• Greg G.

        What would the originals be written in if not Greek? You’re thinking Aramaic, perhaps? I’d not heard this theory (except for Papias saying that Matthew (?) was originally in Hebrew).

        The New Testament was originally written in Greek but this article is questioning whether what we have is the original Greek. “In the original Greek” sounds like it is actually the words that were originally written.

        What surprised me in this analysis most was the comment on the mindset of the author of P45. I’ll never be able to compare the originals myself, but I’m sure there must be a good summary of what one can conclude about how harmonious (or not) these early manuscripts are. I need to find it.

        That is news to me. The scribe must have been frugal cheap a skin-flint.

        If you’re curious, here’s a brief article on the authors of 3 of these manuscripts. It emphasizes the Wild West nature of the first few centuries. I’m amazed that scholars can, with a straight face, say that they’re confident that our NT is basically identical to the original.

        I am curious but I am at work and the site appears to be blocked. My cell phone 4G is sketchy inside the building and it didn’t want to go there. Maybe I will be able to read it on the way home driving through heavy traffic.

        • Drive safely.

          Yes, I did mean the original Greek referring to the autographs.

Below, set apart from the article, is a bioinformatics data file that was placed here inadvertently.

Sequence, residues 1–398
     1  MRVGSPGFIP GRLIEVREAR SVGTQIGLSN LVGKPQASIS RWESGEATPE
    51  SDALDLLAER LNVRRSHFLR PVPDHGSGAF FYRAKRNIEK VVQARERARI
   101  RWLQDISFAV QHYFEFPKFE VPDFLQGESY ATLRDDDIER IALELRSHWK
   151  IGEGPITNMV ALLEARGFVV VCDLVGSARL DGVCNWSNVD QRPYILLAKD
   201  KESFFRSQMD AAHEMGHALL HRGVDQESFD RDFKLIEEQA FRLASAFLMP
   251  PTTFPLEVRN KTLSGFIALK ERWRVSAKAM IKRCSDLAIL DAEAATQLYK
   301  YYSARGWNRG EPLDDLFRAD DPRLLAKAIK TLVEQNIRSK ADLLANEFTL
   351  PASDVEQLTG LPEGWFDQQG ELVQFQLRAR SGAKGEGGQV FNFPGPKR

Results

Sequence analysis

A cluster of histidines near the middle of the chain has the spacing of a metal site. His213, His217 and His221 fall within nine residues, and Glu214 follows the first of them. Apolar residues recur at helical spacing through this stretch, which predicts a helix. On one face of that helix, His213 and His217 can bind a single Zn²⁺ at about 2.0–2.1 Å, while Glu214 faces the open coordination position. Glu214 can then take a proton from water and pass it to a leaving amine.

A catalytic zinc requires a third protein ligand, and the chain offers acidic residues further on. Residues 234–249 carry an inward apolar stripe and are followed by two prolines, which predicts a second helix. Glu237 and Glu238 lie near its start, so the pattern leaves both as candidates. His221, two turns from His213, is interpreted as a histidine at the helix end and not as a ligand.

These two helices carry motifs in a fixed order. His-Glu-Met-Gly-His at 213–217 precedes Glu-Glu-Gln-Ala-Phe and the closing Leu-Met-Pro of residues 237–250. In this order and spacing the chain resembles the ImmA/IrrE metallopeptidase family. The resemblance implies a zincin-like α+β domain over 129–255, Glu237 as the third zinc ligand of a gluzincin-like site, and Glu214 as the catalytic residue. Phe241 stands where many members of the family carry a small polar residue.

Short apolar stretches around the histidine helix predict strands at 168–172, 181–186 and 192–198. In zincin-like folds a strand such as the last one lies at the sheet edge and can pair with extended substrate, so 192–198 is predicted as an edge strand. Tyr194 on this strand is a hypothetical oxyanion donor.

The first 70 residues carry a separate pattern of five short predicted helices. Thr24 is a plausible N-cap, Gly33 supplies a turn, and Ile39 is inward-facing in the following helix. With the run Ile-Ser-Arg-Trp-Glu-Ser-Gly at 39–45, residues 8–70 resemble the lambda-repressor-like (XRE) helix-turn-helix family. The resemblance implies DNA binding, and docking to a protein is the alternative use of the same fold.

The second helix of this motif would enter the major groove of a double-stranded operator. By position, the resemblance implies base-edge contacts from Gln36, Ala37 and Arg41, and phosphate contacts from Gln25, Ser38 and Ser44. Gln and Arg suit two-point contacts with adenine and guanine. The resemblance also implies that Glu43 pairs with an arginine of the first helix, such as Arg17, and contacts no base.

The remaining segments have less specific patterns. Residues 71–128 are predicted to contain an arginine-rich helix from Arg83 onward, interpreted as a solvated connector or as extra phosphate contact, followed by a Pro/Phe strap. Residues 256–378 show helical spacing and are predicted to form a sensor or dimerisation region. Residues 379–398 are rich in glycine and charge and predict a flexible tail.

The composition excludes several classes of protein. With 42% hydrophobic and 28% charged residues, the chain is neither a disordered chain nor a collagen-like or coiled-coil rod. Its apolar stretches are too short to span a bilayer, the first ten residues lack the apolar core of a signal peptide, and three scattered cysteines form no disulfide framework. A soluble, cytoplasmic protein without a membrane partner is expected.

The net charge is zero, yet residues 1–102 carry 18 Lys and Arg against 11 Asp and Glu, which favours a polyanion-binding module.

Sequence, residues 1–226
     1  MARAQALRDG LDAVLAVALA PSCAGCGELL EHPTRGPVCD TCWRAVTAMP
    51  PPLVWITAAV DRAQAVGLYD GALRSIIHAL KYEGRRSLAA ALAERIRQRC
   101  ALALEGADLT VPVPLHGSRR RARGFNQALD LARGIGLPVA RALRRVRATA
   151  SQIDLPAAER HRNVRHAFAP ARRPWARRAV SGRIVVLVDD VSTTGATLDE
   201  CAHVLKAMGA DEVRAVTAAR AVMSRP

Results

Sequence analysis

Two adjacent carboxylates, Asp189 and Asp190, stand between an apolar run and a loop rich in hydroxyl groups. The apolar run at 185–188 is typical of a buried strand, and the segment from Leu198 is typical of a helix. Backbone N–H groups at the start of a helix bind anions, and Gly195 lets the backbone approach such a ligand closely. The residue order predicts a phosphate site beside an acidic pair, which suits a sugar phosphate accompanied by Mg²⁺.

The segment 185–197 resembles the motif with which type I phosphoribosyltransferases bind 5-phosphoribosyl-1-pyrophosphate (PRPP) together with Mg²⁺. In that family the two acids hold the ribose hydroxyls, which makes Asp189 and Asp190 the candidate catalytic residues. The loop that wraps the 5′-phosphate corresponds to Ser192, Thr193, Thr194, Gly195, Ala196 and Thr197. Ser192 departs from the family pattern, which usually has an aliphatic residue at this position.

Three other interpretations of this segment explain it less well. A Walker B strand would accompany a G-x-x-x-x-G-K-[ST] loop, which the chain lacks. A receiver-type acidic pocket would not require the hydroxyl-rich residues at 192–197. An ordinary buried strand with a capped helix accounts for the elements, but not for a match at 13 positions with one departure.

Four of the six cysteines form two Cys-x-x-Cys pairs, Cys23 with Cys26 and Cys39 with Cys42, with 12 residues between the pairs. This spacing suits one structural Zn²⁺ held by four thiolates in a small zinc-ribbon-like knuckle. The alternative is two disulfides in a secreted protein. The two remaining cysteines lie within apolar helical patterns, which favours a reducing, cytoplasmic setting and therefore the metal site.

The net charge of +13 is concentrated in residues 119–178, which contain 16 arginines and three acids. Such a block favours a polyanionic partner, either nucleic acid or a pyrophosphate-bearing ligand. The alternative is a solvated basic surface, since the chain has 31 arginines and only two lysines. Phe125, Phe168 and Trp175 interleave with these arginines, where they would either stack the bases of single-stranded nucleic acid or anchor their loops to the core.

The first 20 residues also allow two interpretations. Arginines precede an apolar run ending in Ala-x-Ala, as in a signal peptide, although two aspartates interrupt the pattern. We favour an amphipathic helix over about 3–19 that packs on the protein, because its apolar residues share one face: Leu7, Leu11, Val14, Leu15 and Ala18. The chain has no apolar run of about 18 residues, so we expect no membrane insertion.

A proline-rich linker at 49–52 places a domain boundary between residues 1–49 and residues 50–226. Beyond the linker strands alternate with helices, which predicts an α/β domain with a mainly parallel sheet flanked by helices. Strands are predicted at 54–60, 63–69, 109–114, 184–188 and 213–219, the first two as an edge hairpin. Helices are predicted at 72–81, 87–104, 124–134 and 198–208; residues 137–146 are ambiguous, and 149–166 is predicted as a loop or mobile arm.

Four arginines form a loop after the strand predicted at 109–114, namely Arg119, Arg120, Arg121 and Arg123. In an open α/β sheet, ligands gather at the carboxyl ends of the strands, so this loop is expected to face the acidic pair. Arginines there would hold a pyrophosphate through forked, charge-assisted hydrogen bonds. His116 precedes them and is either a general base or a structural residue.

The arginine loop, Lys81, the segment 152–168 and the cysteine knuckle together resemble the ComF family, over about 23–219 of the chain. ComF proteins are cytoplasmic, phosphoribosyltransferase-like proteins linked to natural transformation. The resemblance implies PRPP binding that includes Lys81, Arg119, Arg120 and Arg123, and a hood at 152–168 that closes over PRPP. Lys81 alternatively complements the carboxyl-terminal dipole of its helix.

• Greg G.

          To be the original Greek it would have to say what the autograph said. If a word was changed, it is no longer the original Greek but edited Greek or miscopied Greek..

        • I didn’t mean word-for-word identical but identical in meaning. Maybe I wasn’t clear in the post?

        • Greg G.

          The phrase is a peeve of mine as it opens a door for the two-bit apologist.

        • Cozmo the Magician

          beep beep

      • Cozmo the Magician

        It is always better in the proper Klingon.

    • Aside: have you tried the hyperlink code? Ages ago, in the Disqus Stone Age, linked words were in color. Now, they’re slightly bold. Too much of a pain to use, methinks.

      • Greg G.

        I did use it once but added the URL to the text. I blame Patheos. The links stopped being blue when Patheos changed the style but they still work everywhere else. The question is whether they intentionally put a style for the id that Disqus uses for their links that made them essentially invisible.

        I used to like to use <a>to make the text blue.</a> but it quit working with the new Patheos format..

        • eric

          I put the underline tag around the hyperlink tag to “fake it.” e.g. [u] [a href=…] text [/a] [/u] but with the correct brackets.

        • That works, but it’s more hassle than it’s worth to develop the habit, I think.

        • Greg G.

          I either just put the URL in with a space or a return at the end (No punctuation!). If I make the title a link, I will put [LINK] or something like it inside the anchor tag.

        • Curses! Readability could’ve taken a step forward into the bright light of the 21st century but didn’t.

  • Greg G.